One parent told her that at a school in Portland “students who chose not to participate in the [March 2018 pro-gun control] walk out were required to remain in the library with no books and no computers, a virtual detention.”
One girl was told to remove her pro-Trump MAGA (“Make America Great Again”) hat while her classmates wore the pink pussy-hats popularized by the Women’s March. Another said her political science class was completely one-sided, teaching about Democrats without discussing Republicans.
A 7th grade female attended a “Girls Rock” event supported by a school. The girls were given tee shirts bearing the word “feminism” and were asked to draw the shape of a vagina on paper and pin it to the shirt. Later the girls were taught that anal sex, same-sex sex, and not shaving body parts was acceptable. Many parents were horrified when their daughters recounted the experience, Nichols said.
The father of another 7th grader complained about the radical bent of social studies homework. The student was asked to research a website called We The Future which describes only leftist causes including Black Lives Matter, the Women’s March, gun control, and open borders. Students were encouraged by their teacher to become politically active on behalf of these radical causes.
A boy was asked to write an essay about the border wall promised by President Trump. He complied and received a failing grade when he supported Trump’s position.
“There is an inherent bias in our school system towards a liberal interpretation at the exclusion of any kind of conservative opinion,” Nichols said in her testimony.
“This bias fosters intolerance of different beliefs and this is not the kind of education we deserve. Please teach our children how to think, not what to think.”
“These students, our children, who did not go along with the ‘groupthink’ were shamed not only by certain other students, but, more distressingly, by teachers. They were punished not for anything they did, but for beliefs they hold.”
FrontPage readers are painfully aware that the Left has long been attempting to radicalize students and encourage them to become activists obsessed with the Marxist holy trinity of race, sex, and class.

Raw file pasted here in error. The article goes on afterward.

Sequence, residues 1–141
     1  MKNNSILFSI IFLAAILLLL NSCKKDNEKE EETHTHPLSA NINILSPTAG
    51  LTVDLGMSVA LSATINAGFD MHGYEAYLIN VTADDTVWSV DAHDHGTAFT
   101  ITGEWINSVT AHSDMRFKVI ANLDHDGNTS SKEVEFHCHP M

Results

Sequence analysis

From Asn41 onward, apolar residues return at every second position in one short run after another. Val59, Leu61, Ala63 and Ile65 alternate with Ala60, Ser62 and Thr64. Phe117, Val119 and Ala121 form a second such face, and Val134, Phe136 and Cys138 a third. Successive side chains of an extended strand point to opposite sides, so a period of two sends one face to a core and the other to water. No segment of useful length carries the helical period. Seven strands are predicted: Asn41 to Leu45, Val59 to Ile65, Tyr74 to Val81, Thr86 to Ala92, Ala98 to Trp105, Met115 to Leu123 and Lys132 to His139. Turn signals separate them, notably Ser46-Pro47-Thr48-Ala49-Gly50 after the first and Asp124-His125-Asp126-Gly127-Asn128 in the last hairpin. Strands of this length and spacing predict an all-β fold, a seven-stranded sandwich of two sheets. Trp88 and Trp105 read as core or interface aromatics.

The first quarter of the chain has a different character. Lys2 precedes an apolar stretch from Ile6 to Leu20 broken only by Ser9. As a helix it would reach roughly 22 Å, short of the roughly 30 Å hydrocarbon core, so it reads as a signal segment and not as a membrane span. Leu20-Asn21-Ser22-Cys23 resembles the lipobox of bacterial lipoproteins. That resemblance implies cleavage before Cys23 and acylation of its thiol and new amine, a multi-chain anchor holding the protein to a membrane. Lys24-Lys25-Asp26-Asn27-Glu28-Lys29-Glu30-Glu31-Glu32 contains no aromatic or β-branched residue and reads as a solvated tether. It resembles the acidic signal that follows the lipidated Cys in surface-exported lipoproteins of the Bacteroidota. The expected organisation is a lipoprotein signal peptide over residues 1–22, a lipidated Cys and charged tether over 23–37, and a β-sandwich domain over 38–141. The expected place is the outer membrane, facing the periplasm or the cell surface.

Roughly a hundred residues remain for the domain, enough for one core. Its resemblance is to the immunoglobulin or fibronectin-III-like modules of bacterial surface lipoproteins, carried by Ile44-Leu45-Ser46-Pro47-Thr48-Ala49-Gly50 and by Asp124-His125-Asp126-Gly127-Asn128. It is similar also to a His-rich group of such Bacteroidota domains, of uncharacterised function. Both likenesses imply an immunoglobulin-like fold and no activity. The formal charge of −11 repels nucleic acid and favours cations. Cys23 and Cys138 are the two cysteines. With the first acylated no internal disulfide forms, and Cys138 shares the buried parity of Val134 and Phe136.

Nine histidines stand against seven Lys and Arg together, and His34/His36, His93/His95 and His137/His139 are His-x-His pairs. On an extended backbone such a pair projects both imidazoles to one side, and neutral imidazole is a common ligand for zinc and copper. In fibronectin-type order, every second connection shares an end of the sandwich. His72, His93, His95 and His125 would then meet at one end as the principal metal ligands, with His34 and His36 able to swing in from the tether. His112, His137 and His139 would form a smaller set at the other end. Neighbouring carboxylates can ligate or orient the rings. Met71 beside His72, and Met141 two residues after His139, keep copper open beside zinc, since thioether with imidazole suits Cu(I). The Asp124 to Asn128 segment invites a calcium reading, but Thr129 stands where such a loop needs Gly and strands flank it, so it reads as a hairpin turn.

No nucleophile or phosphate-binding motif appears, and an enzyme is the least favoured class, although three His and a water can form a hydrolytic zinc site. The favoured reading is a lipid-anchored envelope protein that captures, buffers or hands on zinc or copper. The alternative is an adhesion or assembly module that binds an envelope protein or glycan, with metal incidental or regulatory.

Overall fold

With help from extreme-left hate groups like the Southern Poverty Law Center and California’s Just Communities Central Coast, and other radical activists trying to impose unwanted social change on the country, public school teachers across America already saturate students with information about racial injustice in America in a nonstop barrage of historic facts and ahistorical nonsense. And in the culture at large, the media, politicians, and the entertainment industry can’t stop talking about race.
In Pedagogy of the Oppressed, Marxist theorist Paulo Freire urged that schools be used to inculcate radical values in students to transform them into agents of social change. Freire argued that the so-called dominant pedagogy “silences” poor and minority children and that there is no such thing as a neutral educational system.
Joining Freire in his desire to use the educational system to level institutions is unrepentant communist terrorist and education theorist Bill Ayers, a close associate of Barack Obama who has long advocated corrupting the young so they can agitate to fundamentally transform American society.
“If we want change to come, we would do well not to look at the sites of power we have no access to; the White House, the Congress, the Pentagon,” he said in 2012. “We have absolute access to the community, the school, the neighborhood, the street, the classroom, the workplace, the shop, the farm.”
Fortunately, there are still people like Lockman and Nichols who are willing to fight back against the radical indoctrination of young, impressionable students, even if it means taking on fellow Republicans.
As Lockman wrote in his op-ed:
I suppose that when you’re always tucked into a defensive crouch, and want to be well thought of by the Democrats and the Fake News media, you would have good reason to be scared of losing your next election campaign if you voted against the wishes of the ACLU and the union bosses.
But what if our side played offense for a change?
What if we hammered the union bosses for all they have done to wreck public education and indoctrinate our kids? What if we went to bat on behalf of parents and students who are being cheated by the rigged system?
What would happen if we decided to fight fire with fire?
We’ll never know until we try.
This article by Matthew Vadum appeared March 8, 2019, at FrontPageMag.